It is the night before the first day of camp. My kids excitedly packed their bags as soon as they each got out of the shower before dinner. I am used to doing this act myself, and while the Type A part of me cringed letting them throw everything haphazardly into their bags, I took a deep breath and just observed. I couldn't keep up with their excitement as I was ensuring they each packed their own sunscreens, goggles, towels, and every other item they will need in their backpacks. I was glancing over the "camphouse" items for Sonzee's bigger sister and trying not to think about the fact that tomorrow should be Sonzee's first day of camp as well. I know that Sonzee was able to experience Friendship Circle camp in May, but that is not the camp experience I am mourning tonight.
I found my mind drifting off into the distance, to a life that is not mine; what I would refer to as my alter-reality. It was there I was packing a 4th backpack with two bathing suits and two towels. Sadly even in my fictitious reality I have no idea what backpack Sonzee would be sporting or what bathing suit style she would prefer. I think the saddest part of this daydream is that I cannot imagine anything about who Sonzee would have been had she been the typical child we anticipated. It almost makes me more angry that I cannot even mourn properly, because this deficiency has taken away everything that I should know about my 3 year old. I am left simply guessing and insinuating about her personality and preferences, but the truth is, she is unable to tell me specifics so even my dreams leave me anxious about the potential disservice I am causing.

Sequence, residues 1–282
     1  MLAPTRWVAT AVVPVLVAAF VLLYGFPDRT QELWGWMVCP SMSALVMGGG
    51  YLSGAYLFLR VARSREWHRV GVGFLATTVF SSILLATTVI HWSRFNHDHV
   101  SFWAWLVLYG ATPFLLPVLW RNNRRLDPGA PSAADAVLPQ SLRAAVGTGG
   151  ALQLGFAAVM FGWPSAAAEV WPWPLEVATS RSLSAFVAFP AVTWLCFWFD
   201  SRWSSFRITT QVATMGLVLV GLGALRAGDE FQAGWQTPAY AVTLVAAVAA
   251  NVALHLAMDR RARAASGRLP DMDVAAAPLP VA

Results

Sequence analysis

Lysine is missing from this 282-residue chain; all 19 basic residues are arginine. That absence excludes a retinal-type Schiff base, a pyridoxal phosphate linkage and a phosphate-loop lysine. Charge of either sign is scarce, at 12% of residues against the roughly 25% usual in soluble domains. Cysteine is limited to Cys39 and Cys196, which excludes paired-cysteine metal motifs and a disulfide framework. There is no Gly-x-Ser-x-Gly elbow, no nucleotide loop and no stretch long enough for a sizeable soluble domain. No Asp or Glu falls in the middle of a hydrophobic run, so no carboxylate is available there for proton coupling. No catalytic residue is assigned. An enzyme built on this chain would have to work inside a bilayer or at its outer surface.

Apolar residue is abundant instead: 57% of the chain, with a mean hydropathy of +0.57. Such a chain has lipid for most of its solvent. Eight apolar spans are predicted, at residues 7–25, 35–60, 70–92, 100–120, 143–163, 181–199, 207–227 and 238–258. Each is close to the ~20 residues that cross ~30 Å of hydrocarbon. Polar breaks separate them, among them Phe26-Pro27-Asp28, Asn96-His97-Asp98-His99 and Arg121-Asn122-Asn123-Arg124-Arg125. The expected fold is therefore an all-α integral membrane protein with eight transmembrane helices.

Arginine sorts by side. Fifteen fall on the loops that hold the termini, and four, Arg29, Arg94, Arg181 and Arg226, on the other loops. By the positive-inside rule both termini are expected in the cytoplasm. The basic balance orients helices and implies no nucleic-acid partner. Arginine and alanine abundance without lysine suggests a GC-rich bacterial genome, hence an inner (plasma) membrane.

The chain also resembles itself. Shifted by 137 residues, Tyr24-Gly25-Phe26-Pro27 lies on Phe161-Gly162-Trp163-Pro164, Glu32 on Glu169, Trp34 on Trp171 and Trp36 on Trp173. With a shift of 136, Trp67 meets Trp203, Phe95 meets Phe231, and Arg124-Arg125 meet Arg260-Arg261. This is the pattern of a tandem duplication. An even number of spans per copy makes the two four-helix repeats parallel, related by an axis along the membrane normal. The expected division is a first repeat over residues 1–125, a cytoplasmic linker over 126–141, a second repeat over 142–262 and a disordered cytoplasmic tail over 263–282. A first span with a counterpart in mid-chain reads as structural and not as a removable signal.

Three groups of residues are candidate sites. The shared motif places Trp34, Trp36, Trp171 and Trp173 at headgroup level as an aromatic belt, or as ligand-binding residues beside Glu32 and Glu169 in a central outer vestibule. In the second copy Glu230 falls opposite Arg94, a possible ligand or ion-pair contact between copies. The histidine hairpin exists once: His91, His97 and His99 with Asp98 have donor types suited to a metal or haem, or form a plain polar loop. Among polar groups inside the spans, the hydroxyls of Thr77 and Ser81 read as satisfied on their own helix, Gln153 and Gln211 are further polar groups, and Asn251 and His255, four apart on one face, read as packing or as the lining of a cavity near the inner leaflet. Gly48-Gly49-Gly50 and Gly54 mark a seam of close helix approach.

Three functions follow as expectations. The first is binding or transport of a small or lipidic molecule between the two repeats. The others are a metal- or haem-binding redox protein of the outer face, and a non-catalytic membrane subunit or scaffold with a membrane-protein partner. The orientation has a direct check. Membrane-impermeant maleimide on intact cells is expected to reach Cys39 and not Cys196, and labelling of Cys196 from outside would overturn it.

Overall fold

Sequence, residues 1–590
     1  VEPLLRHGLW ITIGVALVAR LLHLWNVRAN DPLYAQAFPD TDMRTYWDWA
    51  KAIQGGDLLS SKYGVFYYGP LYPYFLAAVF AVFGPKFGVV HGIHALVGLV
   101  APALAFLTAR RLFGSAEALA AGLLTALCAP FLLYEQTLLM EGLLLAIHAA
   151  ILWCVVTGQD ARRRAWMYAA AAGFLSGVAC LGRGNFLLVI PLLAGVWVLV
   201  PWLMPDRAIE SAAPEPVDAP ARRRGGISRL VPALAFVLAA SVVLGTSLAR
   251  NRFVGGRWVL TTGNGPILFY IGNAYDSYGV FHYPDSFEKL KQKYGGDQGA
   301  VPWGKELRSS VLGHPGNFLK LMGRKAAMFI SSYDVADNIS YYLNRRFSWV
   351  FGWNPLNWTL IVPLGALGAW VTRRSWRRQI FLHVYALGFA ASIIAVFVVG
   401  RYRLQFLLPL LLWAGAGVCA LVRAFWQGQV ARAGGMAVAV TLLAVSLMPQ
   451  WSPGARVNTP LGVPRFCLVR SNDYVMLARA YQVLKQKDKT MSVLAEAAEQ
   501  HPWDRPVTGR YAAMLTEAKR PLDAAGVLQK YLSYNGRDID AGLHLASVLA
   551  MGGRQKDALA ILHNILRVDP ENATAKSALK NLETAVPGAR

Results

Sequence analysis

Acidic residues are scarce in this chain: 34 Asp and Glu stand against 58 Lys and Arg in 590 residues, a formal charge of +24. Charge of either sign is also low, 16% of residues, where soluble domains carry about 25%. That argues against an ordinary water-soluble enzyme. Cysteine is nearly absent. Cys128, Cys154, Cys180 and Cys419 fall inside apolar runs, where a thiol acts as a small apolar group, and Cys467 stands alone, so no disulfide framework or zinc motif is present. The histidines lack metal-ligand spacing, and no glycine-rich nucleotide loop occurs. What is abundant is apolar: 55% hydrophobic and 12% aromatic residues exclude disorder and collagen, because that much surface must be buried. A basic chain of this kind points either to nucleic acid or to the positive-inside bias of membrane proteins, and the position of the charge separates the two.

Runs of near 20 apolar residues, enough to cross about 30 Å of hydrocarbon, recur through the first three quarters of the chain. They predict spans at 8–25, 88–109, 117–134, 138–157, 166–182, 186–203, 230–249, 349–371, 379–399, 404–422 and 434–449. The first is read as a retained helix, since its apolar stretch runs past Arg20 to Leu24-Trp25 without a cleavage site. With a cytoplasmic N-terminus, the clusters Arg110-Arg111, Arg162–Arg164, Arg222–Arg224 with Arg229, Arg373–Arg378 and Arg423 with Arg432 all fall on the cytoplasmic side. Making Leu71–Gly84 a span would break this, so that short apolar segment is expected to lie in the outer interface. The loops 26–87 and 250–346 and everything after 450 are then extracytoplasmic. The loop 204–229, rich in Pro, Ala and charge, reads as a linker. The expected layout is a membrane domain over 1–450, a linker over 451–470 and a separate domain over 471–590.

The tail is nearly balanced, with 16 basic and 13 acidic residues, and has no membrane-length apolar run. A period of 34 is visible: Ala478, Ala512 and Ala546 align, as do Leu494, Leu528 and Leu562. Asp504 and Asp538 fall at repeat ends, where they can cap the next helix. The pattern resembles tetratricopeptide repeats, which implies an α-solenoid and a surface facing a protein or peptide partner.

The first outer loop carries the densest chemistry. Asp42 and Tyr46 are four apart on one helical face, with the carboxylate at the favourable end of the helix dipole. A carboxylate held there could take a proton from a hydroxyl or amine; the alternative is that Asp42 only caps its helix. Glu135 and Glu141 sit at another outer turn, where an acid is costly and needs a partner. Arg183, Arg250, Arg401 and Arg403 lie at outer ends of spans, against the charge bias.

There are nights like tonight where I wish Sonzee's CDKL5 deficiency did not exist. Where we were just a boring, typical family with no obvious outward struggles and I didn't know anything about CDKL5, childhood epilepsy, or have any significant first hand knowledge about a profound developmental disability. While this is and always will be the path our family must travel, there is still a significant part of my mind that is traveling an imaginary parallel journey filled with the "could haves", "would haves", and "should haves".
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